Obama and Penny Pritzker

Has the mask finally come off the Obama presidency? After a campaign in 2008 that won him Marketer of the Year in which Obama hurled progressive rhetoric while having Goldman Sachs as his biggest campaign contributor and then having a presidency marked by antagonism to progressive reforms, it seems Obama is finally dropping the hope and change act and giving away government offices to his financial benefactors.

President Obama plans to nominate Chicago business executive Penny Pritzker, a longtime political supporter and heavyweight fundraiser, as his new Commerce secretary this morning…

With a personal fortune estimated at $1.85 billion, Pritzker is listed by Forbes magazine among the 300 wealthiest Americans.

Clearly the 1% need more of a voice in government, especially 1%ers who have some issues with unions and proper banking practices.

Pritzker’s nomination could prove controversial. She is on the board of Chicago-based Hyatt Hotels Corp., which was founded by her wealthy family and has had rocky relations with labor unions, and she could face questions about the failure of a bank partly owned by her family

Pritzker, however, could draw fire from labor leaders. Hyatt has long battled Unite Here in Los Angeles, Chicago and elsewhere. And Pritzker, who served on the Chicago Board of Education until she resigned in March, has been harshly criticized by the Chicago Teachers Union. When she stepped down, a union official said she “has a long and storied history as an anti-labor and anti-worker kind of boss.”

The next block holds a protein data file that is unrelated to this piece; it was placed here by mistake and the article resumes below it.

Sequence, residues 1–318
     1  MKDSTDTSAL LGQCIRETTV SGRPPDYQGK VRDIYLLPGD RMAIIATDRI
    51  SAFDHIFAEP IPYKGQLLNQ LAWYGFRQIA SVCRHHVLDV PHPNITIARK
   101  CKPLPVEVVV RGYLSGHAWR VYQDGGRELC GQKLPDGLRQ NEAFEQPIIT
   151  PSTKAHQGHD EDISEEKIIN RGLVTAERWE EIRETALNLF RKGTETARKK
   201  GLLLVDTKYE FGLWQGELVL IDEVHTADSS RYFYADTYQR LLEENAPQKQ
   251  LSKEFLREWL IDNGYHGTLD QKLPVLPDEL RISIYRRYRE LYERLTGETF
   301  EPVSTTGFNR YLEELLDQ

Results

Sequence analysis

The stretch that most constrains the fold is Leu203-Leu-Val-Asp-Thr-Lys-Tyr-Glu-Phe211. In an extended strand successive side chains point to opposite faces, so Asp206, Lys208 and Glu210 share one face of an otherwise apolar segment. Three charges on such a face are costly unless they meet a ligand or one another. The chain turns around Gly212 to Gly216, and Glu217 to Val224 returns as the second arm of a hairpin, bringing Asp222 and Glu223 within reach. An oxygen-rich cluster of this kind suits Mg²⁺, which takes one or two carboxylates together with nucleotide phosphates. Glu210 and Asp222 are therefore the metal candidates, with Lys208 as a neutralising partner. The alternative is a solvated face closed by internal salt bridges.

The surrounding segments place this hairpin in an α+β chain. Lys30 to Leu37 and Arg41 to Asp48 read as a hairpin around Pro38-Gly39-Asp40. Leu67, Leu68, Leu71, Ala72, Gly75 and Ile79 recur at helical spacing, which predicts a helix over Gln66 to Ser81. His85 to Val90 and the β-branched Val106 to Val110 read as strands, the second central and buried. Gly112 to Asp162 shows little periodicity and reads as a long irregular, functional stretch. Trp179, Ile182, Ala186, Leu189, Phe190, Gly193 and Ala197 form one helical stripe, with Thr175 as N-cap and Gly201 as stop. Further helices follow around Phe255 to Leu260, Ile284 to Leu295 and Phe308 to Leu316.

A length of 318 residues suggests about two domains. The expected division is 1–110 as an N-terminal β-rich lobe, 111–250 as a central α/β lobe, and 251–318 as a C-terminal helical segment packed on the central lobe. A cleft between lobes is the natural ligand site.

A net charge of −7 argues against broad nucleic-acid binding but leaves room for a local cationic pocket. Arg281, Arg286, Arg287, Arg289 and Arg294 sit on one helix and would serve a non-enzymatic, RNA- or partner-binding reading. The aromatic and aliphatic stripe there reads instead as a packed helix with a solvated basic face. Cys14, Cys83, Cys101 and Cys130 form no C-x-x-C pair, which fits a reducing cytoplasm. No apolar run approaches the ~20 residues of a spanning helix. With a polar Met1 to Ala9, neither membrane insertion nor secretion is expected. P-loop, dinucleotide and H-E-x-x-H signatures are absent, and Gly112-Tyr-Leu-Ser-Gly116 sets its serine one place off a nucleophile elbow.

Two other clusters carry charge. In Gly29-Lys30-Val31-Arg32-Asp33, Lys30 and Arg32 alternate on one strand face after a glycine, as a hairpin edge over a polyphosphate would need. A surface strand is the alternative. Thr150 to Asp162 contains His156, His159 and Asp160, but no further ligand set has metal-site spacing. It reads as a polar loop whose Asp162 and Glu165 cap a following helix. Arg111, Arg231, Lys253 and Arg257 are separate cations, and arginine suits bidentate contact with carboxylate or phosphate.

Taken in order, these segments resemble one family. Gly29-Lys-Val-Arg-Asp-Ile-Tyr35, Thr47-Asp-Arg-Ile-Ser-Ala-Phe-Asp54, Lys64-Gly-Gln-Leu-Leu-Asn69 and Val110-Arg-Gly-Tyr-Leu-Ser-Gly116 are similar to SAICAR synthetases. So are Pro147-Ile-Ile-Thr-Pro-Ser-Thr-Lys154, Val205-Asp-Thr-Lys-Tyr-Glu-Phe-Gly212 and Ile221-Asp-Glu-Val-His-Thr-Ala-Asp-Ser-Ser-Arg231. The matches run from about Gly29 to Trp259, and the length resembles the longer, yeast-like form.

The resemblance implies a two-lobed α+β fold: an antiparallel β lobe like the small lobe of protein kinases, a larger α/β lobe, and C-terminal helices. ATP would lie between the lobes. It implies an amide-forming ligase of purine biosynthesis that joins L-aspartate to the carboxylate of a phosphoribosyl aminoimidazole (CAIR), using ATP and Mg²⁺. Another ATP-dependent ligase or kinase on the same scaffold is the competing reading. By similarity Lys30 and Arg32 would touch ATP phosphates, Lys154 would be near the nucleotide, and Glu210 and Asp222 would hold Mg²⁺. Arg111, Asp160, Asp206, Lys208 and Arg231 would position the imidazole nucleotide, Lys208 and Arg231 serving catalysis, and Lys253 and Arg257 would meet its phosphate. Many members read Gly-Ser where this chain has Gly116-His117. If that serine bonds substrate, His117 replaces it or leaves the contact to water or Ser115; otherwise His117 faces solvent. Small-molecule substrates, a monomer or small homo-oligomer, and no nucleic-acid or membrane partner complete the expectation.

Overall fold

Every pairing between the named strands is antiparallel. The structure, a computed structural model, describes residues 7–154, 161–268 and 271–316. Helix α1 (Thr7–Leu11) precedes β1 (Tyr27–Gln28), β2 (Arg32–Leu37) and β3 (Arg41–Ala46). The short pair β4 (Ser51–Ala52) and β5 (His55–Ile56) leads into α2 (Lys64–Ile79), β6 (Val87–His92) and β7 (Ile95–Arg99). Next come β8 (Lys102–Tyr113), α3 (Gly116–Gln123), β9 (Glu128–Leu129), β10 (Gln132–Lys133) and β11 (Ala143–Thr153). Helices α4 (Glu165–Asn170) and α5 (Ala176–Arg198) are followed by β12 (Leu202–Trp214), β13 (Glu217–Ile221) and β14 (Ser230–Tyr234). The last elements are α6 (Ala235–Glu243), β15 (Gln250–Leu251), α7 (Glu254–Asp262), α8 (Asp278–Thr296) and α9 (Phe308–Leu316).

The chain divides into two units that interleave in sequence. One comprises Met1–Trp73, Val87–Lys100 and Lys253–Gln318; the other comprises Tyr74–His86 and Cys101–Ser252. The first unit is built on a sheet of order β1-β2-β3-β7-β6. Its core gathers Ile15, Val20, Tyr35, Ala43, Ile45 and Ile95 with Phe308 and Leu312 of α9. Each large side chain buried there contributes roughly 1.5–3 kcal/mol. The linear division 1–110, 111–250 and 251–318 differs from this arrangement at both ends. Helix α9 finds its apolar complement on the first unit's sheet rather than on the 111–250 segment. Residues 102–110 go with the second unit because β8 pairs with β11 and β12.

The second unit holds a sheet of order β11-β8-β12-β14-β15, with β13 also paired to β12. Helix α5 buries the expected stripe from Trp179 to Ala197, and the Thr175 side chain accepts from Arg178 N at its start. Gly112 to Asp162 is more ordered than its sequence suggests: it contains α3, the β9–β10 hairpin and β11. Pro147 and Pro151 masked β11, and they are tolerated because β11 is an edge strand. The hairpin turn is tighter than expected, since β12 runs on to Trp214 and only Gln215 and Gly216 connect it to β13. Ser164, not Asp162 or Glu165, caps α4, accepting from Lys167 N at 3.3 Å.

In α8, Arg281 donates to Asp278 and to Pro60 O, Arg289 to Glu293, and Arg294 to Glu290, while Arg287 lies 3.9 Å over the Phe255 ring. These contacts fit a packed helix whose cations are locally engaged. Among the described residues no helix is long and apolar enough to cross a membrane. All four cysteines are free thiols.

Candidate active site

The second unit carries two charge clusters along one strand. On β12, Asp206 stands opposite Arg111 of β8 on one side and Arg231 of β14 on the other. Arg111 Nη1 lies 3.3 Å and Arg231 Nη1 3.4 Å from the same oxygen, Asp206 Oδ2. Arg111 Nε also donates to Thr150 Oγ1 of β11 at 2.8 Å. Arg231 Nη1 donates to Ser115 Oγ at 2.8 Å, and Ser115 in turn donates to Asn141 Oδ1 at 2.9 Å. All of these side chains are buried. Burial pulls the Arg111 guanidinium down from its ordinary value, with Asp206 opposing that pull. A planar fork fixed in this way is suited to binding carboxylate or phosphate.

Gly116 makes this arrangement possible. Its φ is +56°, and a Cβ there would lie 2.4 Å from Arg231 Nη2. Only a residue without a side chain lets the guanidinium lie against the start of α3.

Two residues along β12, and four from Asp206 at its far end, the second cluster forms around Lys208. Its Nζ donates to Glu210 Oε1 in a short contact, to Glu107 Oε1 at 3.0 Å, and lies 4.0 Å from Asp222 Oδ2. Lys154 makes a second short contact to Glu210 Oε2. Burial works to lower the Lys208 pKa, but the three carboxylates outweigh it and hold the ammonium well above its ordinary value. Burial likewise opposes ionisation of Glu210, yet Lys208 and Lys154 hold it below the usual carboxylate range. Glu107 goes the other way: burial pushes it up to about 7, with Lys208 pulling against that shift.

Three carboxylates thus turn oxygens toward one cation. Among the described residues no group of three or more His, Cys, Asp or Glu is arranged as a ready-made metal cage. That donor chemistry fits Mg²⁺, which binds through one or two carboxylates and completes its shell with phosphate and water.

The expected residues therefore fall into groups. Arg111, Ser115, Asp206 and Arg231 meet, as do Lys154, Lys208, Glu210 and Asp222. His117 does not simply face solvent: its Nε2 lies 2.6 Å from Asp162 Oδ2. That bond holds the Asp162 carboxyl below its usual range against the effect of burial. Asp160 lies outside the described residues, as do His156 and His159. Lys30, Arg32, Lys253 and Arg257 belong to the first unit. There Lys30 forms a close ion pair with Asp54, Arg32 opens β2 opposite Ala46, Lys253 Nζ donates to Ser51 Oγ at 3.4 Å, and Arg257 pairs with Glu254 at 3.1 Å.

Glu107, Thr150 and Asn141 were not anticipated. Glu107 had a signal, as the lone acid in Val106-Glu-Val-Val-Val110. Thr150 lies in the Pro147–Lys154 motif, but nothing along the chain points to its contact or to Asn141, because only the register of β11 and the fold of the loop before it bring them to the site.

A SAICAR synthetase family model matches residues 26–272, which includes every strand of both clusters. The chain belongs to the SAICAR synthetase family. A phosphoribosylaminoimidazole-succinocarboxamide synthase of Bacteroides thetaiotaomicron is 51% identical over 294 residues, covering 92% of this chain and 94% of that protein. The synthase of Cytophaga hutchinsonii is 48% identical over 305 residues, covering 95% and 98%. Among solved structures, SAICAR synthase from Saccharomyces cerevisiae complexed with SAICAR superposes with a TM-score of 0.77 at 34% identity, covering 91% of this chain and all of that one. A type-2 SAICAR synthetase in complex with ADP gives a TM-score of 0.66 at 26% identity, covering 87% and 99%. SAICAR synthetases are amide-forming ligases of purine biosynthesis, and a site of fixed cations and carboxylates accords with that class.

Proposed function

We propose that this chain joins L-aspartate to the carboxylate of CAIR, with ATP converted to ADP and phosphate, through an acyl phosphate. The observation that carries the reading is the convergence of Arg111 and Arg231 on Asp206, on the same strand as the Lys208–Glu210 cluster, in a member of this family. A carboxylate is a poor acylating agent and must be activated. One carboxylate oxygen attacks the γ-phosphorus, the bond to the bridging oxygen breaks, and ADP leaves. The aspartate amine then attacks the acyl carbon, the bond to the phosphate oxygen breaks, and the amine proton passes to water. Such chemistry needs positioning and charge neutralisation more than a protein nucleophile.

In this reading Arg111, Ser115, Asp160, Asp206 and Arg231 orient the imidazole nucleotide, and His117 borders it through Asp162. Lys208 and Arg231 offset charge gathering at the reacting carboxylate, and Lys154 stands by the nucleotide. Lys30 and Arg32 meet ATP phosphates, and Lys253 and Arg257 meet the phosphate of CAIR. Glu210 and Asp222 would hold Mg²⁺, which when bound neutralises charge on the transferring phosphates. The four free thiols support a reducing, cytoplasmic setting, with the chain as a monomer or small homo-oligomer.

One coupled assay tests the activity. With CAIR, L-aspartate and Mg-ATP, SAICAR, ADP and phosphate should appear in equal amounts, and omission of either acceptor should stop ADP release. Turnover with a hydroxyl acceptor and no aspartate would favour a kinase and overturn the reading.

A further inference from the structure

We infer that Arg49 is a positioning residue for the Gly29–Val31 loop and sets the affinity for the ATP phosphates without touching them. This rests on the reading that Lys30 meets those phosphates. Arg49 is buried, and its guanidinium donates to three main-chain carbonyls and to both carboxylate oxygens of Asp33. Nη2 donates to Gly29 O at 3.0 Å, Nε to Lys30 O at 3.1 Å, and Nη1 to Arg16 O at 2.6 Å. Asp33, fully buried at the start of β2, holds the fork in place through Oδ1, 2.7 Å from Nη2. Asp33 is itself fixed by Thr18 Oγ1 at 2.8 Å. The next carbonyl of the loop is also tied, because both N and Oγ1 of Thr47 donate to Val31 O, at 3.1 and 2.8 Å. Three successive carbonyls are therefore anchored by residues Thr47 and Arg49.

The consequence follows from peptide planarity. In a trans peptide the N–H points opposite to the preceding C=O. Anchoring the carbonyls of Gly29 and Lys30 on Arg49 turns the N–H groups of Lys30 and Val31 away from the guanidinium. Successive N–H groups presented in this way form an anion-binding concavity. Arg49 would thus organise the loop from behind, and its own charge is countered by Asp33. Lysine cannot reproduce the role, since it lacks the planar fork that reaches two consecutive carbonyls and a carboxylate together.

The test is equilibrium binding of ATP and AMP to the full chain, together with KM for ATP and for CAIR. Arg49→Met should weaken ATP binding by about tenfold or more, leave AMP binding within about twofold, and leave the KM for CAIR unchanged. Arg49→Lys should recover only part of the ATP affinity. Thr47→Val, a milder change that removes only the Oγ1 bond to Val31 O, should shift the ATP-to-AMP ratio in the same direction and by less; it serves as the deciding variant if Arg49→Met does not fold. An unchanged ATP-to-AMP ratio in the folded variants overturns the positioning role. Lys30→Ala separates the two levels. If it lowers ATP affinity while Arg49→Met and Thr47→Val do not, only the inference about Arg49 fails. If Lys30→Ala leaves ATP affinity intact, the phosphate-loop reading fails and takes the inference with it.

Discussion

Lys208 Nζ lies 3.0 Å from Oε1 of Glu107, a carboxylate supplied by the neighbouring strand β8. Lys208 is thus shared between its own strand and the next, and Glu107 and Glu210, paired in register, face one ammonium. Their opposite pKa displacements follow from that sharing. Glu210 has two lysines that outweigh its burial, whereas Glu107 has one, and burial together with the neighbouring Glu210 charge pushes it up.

She could also face scrutiny over the collapse of Superior Bank, which was co-owned by her family. The bank, based in Hinsdale, Ill., was involved in subprime mortgage lending, and its failure in 2001 stirred charges of fraud and mismanagement.

Who better to be the Commerce Secretary? Someone who is at odds with labor unions and has problems complying with bank regulations should really understand American commerce today.

Pritzker is supposed to have passed a thorough vetting process regarding problems in her business practices including questionable tax-deductions. We’ll see if it was thorough enough. What remains is the image of a Democratic president nominating one of the richest people in the country with a troubled business history in a time of historic poverty to a key economic post. The symbolism is almost as bad as the substance.